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Orbiter: Atlantis
Mission: STS-135
Payload: Raffaello
Launch: July 8, 2011
Time: 11:29 a.m. EDT
Site: Pad 39A, Kennedy Space Center
Landing: July 21 @ 5:57 a.m. EDT
Site: KSC's Shuttle Landing Facility

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Atlantis tank inspections, engine valve swap on tap
BY WILLIAM HARWOOD
STORY WRITTEN FOR CBS NEWS "SPACE PLACE" & USED WITH PERMISSION
Posted: June 16, 2011


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KENNEDY SPACE CENTER, FL--A hydrogen fuel valve in one the shuttle Atlantis' three main engines that appeared to leak during an external tank fueling test Wednesday will be replaced next week in parallel with work to X-ray structural stiffeners in the tank's central compartment, officials said Thursday. The valve replacement work is not expected to impact Atlantis' July 8 target launch date.


File image of Atlantis. Credit: Justin Ray/Spaceflight Now
 
Engineers at launch complex 39A drained the huge external tank overnight Wednesday, clearing the way for installation of an Italian-built cargo module into the pad gantry's payload handling room Friday. If all goes well, the protective gantry will be rolled back in place around the shuttle Saturday, the ship's cargo bay doors will be opened Saturday night and the cargo module will be installed in Atlantis' payload bay Monday.

While the payload transfer work is underway, engineers plan to begin X-ray inspections Saturday to verify the performance of so-called radius block doublers that were installed over the tops of vertical rib-like stringers that form the backbone of the external tank's central "intertank" compartment. The ribbed intertank separates the upper liquid oxygen tank from the larger liquid hydrogen tank below.

Work to beef up Atlantis' tank, ET-138, was ordered in the wake of stringer cracks that developed in a tank used for the shuttle Discovery's final mission. After an exhaustive analysis, engineers concluded the lightweight aluminum-lithium alloy used in the stringers was from a lot that was more brittle than usual.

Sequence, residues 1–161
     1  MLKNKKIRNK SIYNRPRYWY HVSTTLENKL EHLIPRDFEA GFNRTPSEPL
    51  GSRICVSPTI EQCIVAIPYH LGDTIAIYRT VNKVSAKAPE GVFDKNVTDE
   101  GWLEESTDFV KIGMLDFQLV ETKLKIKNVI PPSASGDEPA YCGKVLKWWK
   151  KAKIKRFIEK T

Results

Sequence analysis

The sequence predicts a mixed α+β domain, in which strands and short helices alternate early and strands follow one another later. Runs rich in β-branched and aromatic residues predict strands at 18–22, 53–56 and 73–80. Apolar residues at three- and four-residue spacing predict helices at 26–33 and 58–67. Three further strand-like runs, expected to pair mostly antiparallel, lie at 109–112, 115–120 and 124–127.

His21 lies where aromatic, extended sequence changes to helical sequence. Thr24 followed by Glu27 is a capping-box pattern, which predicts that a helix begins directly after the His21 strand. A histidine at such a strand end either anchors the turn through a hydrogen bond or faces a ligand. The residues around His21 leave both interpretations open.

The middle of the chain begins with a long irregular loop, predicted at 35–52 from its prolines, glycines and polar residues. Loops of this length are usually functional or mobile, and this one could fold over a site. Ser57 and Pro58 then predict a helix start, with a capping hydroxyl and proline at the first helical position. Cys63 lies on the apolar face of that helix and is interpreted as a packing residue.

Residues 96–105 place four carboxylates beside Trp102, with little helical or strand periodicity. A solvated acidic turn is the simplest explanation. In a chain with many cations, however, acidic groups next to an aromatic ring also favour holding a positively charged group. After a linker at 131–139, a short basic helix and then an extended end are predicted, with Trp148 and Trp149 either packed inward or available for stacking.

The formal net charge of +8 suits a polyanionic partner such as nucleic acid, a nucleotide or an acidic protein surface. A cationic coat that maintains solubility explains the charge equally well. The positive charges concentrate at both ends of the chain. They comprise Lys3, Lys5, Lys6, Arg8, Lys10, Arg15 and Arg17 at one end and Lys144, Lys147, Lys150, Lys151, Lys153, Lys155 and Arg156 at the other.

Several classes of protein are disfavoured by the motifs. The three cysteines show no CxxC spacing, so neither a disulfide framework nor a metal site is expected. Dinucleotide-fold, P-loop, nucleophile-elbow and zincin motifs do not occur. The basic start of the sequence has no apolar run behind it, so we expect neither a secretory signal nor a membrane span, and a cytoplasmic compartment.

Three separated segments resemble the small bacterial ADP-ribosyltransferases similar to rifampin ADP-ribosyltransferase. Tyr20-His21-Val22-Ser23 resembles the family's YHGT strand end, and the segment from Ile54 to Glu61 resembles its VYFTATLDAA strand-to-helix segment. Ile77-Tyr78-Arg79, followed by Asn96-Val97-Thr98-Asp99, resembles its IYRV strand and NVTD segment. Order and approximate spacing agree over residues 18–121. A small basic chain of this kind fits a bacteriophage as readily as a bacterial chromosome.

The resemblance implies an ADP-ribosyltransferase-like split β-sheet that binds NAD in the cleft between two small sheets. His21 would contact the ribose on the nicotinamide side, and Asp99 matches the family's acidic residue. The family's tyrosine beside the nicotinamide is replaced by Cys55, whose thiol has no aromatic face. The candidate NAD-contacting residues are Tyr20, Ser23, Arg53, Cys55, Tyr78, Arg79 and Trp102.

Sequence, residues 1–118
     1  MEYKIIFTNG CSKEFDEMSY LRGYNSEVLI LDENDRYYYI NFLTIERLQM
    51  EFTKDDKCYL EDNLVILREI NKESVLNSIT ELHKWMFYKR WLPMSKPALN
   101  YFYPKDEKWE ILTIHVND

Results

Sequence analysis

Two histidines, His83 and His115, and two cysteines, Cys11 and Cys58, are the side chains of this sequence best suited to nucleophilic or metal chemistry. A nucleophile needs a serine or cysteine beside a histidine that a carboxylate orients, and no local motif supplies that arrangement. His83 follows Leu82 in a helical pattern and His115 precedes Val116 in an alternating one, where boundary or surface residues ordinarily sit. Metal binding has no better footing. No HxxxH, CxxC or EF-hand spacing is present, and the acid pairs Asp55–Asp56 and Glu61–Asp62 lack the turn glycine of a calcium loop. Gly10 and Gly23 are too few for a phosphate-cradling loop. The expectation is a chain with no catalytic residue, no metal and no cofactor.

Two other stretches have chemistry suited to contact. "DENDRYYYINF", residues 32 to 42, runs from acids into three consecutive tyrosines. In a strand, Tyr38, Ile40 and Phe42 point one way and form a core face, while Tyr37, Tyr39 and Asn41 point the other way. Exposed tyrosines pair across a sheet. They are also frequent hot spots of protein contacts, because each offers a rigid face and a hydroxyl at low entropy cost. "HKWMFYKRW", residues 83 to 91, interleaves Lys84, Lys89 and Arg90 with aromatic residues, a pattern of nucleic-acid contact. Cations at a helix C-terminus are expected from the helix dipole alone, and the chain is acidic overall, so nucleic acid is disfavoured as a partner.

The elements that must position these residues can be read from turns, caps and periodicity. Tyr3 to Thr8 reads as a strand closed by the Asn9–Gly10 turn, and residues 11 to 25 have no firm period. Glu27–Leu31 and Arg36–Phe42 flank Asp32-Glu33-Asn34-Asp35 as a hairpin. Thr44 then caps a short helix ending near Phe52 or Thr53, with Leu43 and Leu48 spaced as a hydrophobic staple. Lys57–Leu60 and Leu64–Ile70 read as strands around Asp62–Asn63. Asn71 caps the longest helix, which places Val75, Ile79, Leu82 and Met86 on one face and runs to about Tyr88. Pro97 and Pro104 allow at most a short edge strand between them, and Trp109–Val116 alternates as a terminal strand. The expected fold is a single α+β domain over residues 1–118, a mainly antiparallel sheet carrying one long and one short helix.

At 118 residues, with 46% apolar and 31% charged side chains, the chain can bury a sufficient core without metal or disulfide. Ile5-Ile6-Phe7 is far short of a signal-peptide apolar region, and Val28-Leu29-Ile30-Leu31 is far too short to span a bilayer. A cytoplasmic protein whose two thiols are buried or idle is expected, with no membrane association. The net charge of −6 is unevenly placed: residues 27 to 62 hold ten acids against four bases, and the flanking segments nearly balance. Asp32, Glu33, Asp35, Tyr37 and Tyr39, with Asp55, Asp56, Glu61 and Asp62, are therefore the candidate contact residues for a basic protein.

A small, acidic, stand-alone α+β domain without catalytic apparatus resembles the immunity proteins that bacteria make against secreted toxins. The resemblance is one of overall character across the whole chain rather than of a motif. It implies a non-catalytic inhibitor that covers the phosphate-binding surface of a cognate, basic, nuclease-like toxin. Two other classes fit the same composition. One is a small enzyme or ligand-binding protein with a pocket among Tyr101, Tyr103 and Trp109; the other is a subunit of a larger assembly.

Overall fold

When supercold liquid oxygen was loaded, the bottom of the "LOX" tank contracted, pulling the tops of the intertank stringers inward. The tank was designed with that contraction in mind, but the more brittle alloy used in Discovery's tank resulted in several stress relief fractures. That raised concerns about the tank's structural integrity and the possibility of cracks developing in flight that might cause foam insulation to break away.

NASA managers ultimately ordered doublers installed over the top few inches of 105 of the 108 stringers used in the intertank section of Discovery's tank to make them less susceptible to stress-relief cracks.

Because the stringers in Atlantis' external tank were made from the same lot of suspect alloy, engineers earlier this year installed radius block doublers around the circumference of ET-138's intertank. The tank was loaded with a half-million gallons of liquid oxygen and hydrogen rocket fuel Wednesday to subject the components to cryogenic temperatures.

Starting Saturday, engineers will carry out X-ray inspections of the tops of the stringers on the side of the tank facing Atlantis to make sure no cracks developed when the tank was loaded with frigid rocket fuel. None are expected, but the work will take several days to complete.

Working in parallel, engineers plan to remove the main fuel valve on main engine No. 3, which showed signs of a downstream temperature drop indicative of a small leak during the fueling test Wednesday.

The main fuel valve, located downstream of the engine's high-pressure fuel turbopump, is used to route hydrogen to the main combustion chamber walls for cooling, to help drive a low-pressure turbopump, to help pressurize the external tank and to cool the engine nozzle before before. The fuel flow is recombined as part of the combustion process.

If no problems develop, engineers expect to replace and retest the valve with no impact to Atlantis' planned July 8 launch target.

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